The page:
A: The performance of the Linpack benchmark is typical for applications where the basic operation is based on vector primitives, such as adding a scalar multiple of a vector to another vector. Many applications exhibit the same performance as the Linpack Benchmark. However, results should not be taken too seriously. In order to measure the performance of any computer, it’s critical to probe for the performance of your applications. The Linpack Benchmark can only give one point of reference. In addition, in multiprogramming environments, it is often difficult to reliably measure the execution time of a single program. We trust that anyone actually evaluating machines and operating systems will gather more reliable and more representative data.
A: While we make every attempt to verify the results obtained from users and vendors, errors are bound to exist and should be brought to our attention. We encourage users to obtain the programs and run the routines on their machines, reporting any discrepancies with the numbers listed here.
A: The Linpack package is a collection of Fortran subroutines for solving various systems of linear equations. (http://www.netlib.org/Linpack/) The software in Linpack is based on a decompositional approach to numerical linear algebra. The general idea is the following. Given a problem involving a matrix, one factors or decomposes the matrix into a product of simple, well-structured matrices that can be easily manipulated to solve the original problem. The package has the capability of handling many different matrix types and different data types, and provides a range of options. Linpack itself is built on another package called the BLAS. Linpack was designed in the late 70s and has been superseded by a package called LAPACK.
A: The Linpack software library is available from netlib. See http://www.netlib.org/Linpack/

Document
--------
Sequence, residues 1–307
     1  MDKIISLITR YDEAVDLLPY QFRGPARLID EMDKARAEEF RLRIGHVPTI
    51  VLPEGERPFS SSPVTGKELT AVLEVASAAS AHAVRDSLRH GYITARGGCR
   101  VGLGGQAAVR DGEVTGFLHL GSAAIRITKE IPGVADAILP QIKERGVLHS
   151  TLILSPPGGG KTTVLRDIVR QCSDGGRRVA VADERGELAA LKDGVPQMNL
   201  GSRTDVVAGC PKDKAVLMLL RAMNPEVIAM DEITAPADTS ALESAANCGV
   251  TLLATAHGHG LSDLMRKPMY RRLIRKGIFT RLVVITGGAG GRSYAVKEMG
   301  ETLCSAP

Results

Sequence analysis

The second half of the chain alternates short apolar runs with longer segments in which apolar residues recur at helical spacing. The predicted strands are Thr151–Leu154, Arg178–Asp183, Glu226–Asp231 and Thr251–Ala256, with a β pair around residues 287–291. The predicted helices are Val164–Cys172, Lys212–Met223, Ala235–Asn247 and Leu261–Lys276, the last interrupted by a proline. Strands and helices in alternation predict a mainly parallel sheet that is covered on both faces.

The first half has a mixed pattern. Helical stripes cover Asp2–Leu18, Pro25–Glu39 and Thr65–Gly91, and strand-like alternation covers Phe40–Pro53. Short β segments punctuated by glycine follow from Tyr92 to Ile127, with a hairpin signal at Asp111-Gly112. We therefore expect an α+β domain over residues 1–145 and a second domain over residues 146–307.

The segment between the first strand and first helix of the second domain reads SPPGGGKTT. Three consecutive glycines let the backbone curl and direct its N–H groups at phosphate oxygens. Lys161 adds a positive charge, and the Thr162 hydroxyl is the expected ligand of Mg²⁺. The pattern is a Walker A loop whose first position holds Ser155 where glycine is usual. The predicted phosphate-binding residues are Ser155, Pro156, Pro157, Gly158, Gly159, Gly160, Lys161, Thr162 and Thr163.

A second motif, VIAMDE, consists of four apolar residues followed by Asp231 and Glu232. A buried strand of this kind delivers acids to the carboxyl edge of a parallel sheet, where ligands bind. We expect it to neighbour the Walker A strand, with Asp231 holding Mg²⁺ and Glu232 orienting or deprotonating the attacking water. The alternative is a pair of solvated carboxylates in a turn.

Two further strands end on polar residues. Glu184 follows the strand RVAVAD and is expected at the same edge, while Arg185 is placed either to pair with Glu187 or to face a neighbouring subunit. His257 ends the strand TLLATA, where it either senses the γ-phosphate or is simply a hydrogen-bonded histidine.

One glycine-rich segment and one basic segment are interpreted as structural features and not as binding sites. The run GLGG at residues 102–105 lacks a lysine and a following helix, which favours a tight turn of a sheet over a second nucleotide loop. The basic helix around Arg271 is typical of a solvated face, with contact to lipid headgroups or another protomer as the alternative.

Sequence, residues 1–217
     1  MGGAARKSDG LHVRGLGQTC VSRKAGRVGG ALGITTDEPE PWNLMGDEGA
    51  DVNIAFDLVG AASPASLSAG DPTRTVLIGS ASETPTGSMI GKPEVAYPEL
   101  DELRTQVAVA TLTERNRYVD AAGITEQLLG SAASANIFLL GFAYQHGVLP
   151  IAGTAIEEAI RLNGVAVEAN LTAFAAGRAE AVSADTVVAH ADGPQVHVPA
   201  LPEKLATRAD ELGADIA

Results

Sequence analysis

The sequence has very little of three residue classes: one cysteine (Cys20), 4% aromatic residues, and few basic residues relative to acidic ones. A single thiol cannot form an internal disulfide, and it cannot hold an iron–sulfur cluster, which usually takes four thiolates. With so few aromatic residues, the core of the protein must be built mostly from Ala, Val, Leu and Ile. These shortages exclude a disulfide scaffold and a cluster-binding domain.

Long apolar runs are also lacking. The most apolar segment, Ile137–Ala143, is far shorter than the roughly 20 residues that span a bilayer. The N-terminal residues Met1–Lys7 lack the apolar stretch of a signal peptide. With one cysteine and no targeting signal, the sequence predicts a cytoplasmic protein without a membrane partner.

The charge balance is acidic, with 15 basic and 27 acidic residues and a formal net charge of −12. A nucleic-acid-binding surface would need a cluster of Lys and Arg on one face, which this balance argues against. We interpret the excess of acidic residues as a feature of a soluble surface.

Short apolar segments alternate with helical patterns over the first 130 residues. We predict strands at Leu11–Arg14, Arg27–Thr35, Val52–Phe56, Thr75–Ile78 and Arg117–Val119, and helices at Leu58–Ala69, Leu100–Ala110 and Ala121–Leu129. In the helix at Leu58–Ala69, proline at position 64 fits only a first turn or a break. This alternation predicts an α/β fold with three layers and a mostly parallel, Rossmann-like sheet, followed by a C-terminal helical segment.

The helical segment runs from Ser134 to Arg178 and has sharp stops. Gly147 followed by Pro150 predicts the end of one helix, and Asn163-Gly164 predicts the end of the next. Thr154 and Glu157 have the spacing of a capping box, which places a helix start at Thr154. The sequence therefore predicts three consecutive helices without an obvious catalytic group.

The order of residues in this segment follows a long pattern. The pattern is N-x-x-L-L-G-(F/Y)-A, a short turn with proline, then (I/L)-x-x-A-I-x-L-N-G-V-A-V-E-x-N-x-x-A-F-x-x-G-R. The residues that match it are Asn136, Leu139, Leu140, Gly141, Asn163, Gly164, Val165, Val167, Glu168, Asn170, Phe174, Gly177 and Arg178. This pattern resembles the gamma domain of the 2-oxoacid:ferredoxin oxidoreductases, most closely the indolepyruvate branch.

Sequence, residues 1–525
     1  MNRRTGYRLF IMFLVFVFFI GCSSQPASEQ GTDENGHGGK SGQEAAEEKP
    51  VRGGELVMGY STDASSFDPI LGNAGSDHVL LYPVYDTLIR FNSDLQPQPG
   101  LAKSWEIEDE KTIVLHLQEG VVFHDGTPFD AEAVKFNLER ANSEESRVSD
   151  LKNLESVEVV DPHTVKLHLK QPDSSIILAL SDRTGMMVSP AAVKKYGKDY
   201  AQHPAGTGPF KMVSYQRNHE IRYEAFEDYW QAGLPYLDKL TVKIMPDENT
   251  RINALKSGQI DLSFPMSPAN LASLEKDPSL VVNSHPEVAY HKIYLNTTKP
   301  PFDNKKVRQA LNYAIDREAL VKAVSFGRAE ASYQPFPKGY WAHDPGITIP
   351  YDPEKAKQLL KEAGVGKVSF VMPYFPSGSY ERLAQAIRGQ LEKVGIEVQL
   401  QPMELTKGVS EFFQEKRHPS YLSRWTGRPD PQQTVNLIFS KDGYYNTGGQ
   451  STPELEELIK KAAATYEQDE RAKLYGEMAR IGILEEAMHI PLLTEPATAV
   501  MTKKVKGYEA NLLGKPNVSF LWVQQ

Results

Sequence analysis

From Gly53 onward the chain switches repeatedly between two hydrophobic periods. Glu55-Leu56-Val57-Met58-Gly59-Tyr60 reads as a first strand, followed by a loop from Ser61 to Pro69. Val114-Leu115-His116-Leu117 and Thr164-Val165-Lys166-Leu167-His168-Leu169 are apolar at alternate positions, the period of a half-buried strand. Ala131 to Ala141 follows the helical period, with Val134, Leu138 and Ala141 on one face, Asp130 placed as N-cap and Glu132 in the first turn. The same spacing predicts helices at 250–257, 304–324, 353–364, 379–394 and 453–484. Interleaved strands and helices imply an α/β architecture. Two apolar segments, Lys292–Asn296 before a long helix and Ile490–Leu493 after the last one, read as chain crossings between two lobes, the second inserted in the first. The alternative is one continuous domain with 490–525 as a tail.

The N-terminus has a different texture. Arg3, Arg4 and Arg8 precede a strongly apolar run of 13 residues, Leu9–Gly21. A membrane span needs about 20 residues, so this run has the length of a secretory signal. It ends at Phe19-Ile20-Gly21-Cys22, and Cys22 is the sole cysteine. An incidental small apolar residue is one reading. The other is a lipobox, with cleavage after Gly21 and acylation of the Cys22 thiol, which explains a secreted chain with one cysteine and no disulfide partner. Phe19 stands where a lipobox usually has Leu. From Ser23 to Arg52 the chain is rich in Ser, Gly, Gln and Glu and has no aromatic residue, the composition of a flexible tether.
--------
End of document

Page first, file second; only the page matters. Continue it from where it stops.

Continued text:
A: The BLAS (Basic Linear Algebra Subprograms) are high quality “building block” routines for performing basic vector and matrix operations. Level 1 BLAS do vector-vector operations, Level 2 BLAS do matrix-vector operations, and Level 3 BLAS do matrix-matrix operations. Because the BLAS are efficient, portable and widely available, they’re commonly used in the development of high quality linear algebra software, LINPACK and LAPACK for example. For additional information see: http://www.netlib.org/blas/
A: The ATLAS (Automatically Tuned Linear Algebra Software) project is an ongoing research effort focusing on applying empirical techniques in order to provide portable performance for the BLAS routines. At present, it provides C and Fortran77 interfaces to a portably efficient BLAS implementation, as well as a few routines from LAPACK. For additional information see: http://www.netlib.org/atlas/
A: Linpack is not the most efficient software for solving matrix problems. This is mainly due to the way the algorithm and resulting software accesses memory. The memory access patterns of the algorithm have disregard for the multi-layered memory hierarchies of RISC architecture and vector computers, thereby spending too much time moving data instead of doing useful floating-point operations. LAPACK addresses this problem by reorganizing the algorithms to use block matrix operations, such as matrix multiplication in the innermost loops. For each computer architecture, block operations can be optimized to account for memory hierarchies, providing a transportable way to achieve high efficiency on diverse modern machines. We use the term “Transportable” instead of “portable” because, for fastest possible performance, LAPACK requires that highly optimized block matrix operations be already implemented on each machine. These operations are performed by the Level 3 BLAS in most cases.